Women In World War II

480 Words2 Pages
“War will exact its victims of both sexes,” Belle Boyd mused, “and claims the hearts of women no less than the bodies of men.” When the United States had gone to war for World War II, women were left in charge of the household since the men had to leave the country. As men were fighting in World War II, women had taken over the workforce in company factories or organizations. This was a big step for women because they finally got to experience what being independent felt like. However, although many women liked the workforce department other women wanted to do more for their country. Most women did not want to be simple housewives or workers because they thought it made them feel inferior to men. So, during World War II women joined the army.…show more content…
In fact, women who joined the army disguised themselves as men. Be that as it may, there was still over more than one-third of women that made up the civilian labor force while over three hundred fifty thousand served in military units. Although there was a large mobilization of women fighting among men in World War II, there were four women who made a huge impact in American history. These women included Emma Edmondson, Belle Boyd, and Elizabeth Van Lew. Each, in her own way, was a liar, a temptress, a soldier, and a spy, often all at…show more content…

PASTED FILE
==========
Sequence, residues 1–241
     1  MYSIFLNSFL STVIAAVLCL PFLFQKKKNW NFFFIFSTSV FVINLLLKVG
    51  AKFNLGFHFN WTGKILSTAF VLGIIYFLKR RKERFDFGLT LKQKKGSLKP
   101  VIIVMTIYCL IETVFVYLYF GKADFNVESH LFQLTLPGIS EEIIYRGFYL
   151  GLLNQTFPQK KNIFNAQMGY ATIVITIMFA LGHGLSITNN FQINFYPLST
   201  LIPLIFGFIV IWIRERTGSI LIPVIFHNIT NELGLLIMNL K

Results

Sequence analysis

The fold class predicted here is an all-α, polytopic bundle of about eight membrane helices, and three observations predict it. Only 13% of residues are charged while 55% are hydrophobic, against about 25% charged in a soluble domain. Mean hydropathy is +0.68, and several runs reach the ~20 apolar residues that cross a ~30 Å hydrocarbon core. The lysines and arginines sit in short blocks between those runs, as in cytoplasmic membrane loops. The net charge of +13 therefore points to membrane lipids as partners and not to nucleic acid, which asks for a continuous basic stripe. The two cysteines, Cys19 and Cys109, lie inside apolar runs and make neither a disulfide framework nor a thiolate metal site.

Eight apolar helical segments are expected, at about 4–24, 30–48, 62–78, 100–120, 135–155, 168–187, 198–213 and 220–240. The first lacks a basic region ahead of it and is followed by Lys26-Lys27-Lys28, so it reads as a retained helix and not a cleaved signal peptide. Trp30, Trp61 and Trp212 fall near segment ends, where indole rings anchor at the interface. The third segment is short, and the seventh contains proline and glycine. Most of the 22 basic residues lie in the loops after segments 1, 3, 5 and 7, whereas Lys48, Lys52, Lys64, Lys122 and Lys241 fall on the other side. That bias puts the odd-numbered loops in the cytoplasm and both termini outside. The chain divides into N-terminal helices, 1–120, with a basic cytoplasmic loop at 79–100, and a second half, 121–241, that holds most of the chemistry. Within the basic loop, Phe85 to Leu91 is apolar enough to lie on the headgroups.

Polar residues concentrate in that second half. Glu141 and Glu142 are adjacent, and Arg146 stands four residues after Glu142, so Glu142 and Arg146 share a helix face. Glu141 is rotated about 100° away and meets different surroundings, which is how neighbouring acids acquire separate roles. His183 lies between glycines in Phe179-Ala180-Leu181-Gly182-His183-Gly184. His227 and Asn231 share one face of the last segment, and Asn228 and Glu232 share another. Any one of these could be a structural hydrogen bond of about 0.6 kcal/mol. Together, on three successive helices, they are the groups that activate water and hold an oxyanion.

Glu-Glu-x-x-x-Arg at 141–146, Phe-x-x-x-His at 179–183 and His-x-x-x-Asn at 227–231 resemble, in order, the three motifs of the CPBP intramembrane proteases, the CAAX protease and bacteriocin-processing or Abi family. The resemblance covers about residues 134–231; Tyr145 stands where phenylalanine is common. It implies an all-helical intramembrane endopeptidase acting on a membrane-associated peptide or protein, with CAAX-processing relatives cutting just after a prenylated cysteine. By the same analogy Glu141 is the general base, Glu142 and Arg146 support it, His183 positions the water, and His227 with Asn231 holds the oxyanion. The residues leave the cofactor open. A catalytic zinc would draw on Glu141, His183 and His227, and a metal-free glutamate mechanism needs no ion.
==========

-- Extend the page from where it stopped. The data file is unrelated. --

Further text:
She had changed her attire and her name to Franklin Thompson. By the beginning of July, Edmondson, or Thompson, had started basic training to become an active Union soldier. Thompson trained for over six weeks while patiently waiting for orders to be carried out to march on Virginia. She’d, or he’d, never expected to join an army or fight in a war--although a sharpshooter, he had yet to aim his gun at a man--but when President Lincoln called for volunteers, he posed the question to God, who made the decision for him. Before Thompson could join the army, a doctor examined his appearance. When the doctor measured Thompson’s height, he was two inches shorter than the average Union army recruit. However, Thompson was still solid and he told the doctor that he was nineteen years old, but would be twenty years old in December. The doctor skimmed his eyes a couple more times until he picked up Thompson’s hand. “Well,” the doctor said, “what sort of living has this hand earned?” “Up to the present,” he replied, “that hand has been chiefly engaged in getting an education.” Without further questioning the doctor marked Thompson down to serve as an official Union
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